Abstract: The merger of police services in the UK has been suggested on the grounds that efficiency improvements will be possible. This paper applies a public good model of the police service to evaluate the potential efficiency gains from mergers of police services in England and Wales. We construct a dataset that reflects the public good nature of police service and allows for the exogenous imposition by Government of the level of police service budgets. Our main finding is that English and Welsh police force mergers could lead to increases in police staff resource efficiencies between 10% and 70%.
    Keywords: data envelopment analysis, police service efficiency, public goods
    JEL: C14 H41 L30
    Date: 2006–03
  6. By: Çaðla Ökten
    Date: 2005
  7. By: Geoff Lewis; Steven Stillman (The Treasury)
    Abstract: In this study we investigate Auckland’s economic performance relative to other large cities in New Zealand, to medium-sized urban centres and to small towns and rural areas. Measures of regional economic performance are not well developed in New Zealand and there is a relative lack of official data at the regional level. Previous measures developed by two non-governmental organisations have suggested that Auckland is “underperforming” relative to other regions in New Zealand. However, neither of these measures satisfactorily capture productivity performance by areas that are classified according to the density of economic activity that takes place within them. We use data from the annual New Zealand Income Survey to examine hourly earnings and other measures of labour productivity and utilisation for a number of regional areas. Our results tell a fairly consistent story. Auckland and Wellington have the highest levels of productivity performance based on almost all measures of earnings. In particular, both have significantly higher average levels of labour income, and wage rates than the three other comparison areas. Auckland has also experienced stronger growth in wages, in particular for wage/salary workers, than other regions. Our findings cast doubt on the hypothesis that Auckland has been a productivity underperformer within New Zealand. In fact, Auckland appears to be a relatively good performer and this is consistent with agglomeration economies being at work in New Zealand’s largest urban concentration. However, because we limited our investigations to within New Zealand we are not able to say how Auckland’s productivity performance compares to innovative, high-skill cities in other countries. Given New Zealand’s overall poorer performance in labour productivity and the rather modest wage rate growth that we find even for Auckland, it is unlikely to have been as good.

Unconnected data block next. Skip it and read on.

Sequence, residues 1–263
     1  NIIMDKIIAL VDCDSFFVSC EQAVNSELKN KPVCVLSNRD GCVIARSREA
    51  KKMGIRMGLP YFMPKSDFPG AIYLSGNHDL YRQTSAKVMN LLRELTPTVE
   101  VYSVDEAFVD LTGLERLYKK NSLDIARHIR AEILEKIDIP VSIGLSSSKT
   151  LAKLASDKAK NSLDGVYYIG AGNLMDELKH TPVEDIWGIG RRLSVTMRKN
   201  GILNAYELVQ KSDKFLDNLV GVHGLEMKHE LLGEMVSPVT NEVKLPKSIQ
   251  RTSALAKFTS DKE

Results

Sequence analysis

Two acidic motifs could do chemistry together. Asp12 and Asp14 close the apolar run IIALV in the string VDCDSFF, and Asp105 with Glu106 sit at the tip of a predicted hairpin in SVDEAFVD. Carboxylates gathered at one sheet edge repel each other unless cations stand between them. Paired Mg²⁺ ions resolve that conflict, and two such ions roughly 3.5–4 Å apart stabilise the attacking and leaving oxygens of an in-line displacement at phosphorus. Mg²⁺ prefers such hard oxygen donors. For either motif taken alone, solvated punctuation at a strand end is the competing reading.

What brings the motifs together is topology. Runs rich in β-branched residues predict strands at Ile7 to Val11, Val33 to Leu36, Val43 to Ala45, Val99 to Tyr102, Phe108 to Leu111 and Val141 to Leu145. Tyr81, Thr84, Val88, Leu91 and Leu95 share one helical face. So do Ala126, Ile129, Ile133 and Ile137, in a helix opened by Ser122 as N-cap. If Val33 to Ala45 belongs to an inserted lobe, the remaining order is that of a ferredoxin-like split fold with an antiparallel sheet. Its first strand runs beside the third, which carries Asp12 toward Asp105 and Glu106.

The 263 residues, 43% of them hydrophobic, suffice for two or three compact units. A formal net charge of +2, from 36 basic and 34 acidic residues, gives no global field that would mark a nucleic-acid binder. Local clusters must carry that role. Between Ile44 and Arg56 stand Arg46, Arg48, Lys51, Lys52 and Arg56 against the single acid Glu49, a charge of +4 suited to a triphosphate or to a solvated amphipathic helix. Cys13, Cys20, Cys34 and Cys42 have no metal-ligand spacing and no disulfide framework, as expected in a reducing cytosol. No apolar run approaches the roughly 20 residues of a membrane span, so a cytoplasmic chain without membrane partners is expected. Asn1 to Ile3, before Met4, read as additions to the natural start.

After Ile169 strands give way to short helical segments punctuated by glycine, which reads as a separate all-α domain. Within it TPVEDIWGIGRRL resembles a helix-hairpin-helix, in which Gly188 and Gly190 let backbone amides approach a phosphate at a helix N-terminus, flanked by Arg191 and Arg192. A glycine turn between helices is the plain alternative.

Keywords: regional economic performance, Auckland, productivity, New Zealand
    JEL: R12 R20 J24
    Date: 2005–11
  8. By: Francesco VENTURINI (Universita' Politecnica delle Marche, Dipartimento di Economia)